How to Use Processing to Reinforce a Production Concept

Transcript:

Greetings, my name is Ian Vargo and I’m with theproaudiofiles.com. Today I’m going to be showing you production and mixing techniques that will help you reinforce the meaning and the emotion of the lyrics of a song. The song I’m going to be using is Picture Phone by Ugly, Ugly Words. Check it out on iTunes.

I really believe it’s an underrated ability for a producer and mix engineer to really listen to the lyrics and figure out ways to reinforce the lyrics with production and mixing techniques.

This particular song, let’s take a listen to it.

[music]

Solo the lead vocal. Ok. so the lyrical content of the song is sort of silly. It’s about a picture phone, which is a term that we don’t use much society anymore now that we have iPhones and smartphones, but back the 90’s — and this song is supposed to sort of emulate a late-90’s/early 2000’s stoner rock sounding song — picture phone was a thing, like a crummy Nokia or Motorola that could take pictures. It was like a real thing.

So basically it’s about this phone that you can take underwater and take pictures of fish but beware of crocodiles is basically the joke of the song. So pretty goofy lyrics, so I tried to go with pretty goofy production techniques to really reinforce what we had lyrically.

So I started, for the intro of the song, but basically just finding samples of a robot spelling out picture phone. Let’s take a listen to the overall mix.

[intro]

After that, since the sort of verse area over here, the lyrics are about being underwater, I wanted to create a vocal effect that made it sound like Andy the lead singer was existing and singing underwater. So this is the original, a sort of pre-verse sound, I’m gonna turn off any inserts, and take a listen to the original sound. I do believe I used a C-414 by AKG on this.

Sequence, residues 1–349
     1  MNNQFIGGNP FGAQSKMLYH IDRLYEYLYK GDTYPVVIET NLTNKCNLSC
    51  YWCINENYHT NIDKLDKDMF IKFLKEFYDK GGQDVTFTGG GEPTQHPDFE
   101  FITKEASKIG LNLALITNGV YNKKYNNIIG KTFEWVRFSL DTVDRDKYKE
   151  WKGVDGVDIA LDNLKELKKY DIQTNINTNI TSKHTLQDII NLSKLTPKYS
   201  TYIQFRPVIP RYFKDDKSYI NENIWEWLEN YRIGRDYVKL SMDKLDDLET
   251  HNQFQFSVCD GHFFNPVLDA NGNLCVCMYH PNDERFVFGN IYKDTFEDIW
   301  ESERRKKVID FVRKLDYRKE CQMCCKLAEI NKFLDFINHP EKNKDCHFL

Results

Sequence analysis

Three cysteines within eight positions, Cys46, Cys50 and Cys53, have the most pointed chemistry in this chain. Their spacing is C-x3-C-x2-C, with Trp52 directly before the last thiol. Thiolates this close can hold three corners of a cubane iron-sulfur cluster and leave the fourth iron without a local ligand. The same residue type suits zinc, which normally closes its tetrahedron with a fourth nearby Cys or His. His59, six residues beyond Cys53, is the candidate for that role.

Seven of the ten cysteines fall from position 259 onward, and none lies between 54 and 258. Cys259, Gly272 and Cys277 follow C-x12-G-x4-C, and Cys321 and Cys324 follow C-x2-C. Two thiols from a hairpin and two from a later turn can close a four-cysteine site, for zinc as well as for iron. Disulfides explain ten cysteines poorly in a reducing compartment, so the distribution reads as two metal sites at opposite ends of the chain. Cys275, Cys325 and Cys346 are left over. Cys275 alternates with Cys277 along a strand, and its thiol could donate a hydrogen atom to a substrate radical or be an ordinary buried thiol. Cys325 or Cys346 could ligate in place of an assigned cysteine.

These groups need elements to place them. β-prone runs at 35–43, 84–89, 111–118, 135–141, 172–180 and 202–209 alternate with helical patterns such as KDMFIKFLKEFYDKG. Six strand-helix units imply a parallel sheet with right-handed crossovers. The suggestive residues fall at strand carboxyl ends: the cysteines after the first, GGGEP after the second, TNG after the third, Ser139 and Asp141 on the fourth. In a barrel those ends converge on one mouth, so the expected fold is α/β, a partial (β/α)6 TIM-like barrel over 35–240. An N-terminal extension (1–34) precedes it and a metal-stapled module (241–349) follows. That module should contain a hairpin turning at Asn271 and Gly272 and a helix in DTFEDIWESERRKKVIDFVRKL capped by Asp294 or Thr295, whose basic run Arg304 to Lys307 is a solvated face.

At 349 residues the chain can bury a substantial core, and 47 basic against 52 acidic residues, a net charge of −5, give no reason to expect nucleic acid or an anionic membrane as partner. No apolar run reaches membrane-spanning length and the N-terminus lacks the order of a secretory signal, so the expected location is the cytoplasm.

[solo lead vocal]

We also have a little harmony here.

[vocal harmony]

And what I wanted is a sort of warbly watery underwater sound. So what I did is I did re-amping. Which is essentially you take a signal out of Pro Tools or whatever digital audio workstation you’re using, and send it to a guitar amplifier. At that point you can either put a microphone in front of the amplifier or come back into Pro Tools direct. In this case I think I might’ve back in direct but let’s take a listen to the re-amp. And the double.

[lead vocal effect after reamping]

So in addition to me having re-recorded it with a tremolo effect which is basically amplitude modulation, that effect is available on certain amplifiers. I own a VOX AC30, I highly recommend it if you don’t mind lifting really heavy guitar amps it has a great sound. So we’ve got sort of that watery sound and then in addition to that, these are going to what is called re-amp bus. And on reamp bus, we’ve got FilterFreak which is a SoundToys plugin. And let’s take a look at what this plugin is doing. In fact I’m gonna turn off all these plugins and show you how I got this watery effect.

[watery vocal effect with SoundToys FilterFreak]

So that seems like it’s doing just sort of a low-pass filter getting rid of some of the highs here. Let’s add this second instance of the FilterFreak. That seems to be adding back some high end. After that I’ve got the CLA-2A.